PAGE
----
The Pima County Courthouse has been a Tucson landmark for eight decades, but it took a long time for the community to accept it because of a lingering controversy over the colors and style. But over the years, the Spanish Colonial Revival structure has become became a city icon.
The building, designed by Roy W. Place and built by Herbert Brown, is the third courthouse to occupy the site. The first was erected in 1867 for $15,650. A brick building replaced the original in 1881 and served until 1926, when the current structure was erected at a cost of $350,000. The main building was constructed of brick covered with stucco.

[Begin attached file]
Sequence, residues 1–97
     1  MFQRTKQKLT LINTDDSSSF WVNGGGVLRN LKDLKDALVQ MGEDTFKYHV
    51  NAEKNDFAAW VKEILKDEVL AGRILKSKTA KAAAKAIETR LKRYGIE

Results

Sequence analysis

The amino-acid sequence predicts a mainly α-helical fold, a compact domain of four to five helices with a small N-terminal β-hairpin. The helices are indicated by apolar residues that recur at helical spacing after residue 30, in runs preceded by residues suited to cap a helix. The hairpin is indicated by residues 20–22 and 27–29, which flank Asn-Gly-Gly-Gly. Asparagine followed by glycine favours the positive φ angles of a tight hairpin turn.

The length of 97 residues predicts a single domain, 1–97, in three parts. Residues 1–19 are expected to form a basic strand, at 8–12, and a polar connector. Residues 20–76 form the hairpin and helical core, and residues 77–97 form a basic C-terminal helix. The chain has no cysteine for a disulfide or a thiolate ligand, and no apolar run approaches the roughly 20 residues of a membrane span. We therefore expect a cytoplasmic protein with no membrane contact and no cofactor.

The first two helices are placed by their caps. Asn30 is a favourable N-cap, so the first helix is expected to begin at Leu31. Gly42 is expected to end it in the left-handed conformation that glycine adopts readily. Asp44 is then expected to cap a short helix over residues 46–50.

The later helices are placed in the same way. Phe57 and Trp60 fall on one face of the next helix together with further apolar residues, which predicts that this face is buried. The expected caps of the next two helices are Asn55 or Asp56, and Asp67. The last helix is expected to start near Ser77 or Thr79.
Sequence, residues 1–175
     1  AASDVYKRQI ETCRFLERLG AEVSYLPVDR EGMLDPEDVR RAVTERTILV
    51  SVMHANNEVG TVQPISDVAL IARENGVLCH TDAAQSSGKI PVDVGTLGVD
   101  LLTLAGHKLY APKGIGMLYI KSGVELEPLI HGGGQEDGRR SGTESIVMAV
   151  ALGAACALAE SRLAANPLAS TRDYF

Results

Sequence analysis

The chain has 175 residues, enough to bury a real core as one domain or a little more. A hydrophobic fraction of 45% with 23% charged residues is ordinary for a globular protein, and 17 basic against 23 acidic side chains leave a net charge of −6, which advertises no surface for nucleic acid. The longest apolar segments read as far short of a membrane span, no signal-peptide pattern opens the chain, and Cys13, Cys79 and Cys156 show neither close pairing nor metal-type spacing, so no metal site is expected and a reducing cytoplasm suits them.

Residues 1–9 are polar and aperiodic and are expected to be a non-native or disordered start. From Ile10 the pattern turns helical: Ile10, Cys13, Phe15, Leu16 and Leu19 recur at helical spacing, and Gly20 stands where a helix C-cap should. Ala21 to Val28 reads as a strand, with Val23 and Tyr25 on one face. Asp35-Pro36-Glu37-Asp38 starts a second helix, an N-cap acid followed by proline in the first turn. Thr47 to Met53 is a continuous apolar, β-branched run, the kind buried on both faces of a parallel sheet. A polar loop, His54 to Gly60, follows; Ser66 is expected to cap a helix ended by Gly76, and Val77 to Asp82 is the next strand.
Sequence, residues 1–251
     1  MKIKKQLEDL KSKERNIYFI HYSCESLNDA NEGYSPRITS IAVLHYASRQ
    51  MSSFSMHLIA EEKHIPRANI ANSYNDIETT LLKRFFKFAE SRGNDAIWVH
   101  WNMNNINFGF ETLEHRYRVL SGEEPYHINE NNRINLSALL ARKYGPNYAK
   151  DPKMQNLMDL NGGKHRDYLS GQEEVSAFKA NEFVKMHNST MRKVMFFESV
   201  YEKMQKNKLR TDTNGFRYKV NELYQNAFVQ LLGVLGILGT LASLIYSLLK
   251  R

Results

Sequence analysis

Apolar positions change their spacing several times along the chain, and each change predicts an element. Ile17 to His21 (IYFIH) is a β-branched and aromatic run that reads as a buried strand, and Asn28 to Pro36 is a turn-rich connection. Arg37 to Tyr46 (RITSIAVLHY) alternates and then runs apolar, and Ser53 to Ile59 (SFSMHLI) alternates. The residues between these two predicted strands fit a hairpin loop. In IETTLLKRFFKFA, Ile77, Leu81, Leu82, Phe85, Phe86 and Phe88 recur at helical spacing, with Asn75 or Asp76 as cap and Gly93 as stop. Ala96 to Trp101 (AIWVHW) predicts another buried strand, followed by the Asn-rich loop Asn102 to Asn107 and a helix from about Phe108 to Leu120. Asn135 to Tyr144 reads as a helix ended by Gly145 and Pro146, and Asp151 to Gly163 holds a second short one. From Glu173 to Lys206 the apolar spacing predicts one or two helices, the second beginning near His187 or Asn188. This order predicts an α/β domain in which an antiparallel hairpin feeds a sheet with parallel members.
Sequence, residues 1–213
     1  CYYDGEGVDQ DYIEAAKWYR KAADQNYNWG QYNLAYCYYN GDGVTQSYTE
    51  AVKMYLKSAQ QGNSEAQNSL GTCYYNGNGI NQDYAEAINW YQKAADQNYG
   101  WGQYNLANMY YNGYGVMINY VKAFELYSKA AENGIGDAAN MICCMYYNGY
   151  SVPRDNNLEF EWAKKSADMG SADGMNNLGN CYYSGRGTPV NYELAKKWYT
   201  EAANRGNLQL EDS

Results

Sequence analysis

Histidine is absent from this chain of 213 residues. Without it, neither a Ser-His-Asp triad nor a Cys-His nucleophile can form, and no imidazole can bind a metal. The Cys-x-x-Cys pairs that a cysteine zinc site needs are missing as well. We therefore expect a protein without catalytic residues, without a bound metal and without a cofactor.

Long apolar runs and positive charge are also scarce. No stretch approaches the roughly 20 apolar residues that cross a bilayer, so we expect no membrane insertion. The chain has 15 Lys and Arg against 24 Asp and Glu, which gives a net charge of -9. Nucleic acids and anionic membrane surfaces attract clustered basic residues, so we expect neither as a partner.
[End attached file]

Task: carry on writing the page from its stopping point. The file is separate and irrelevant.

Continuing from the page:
The dome is concrete covered with colorful ceramic tile. The combination of those two styles gives it both Spanish and Moroccan flairs.
The courthouse is located at 115 North Church Avenue in downtown Tucson, and it’s extremely photogenic from almost any angle.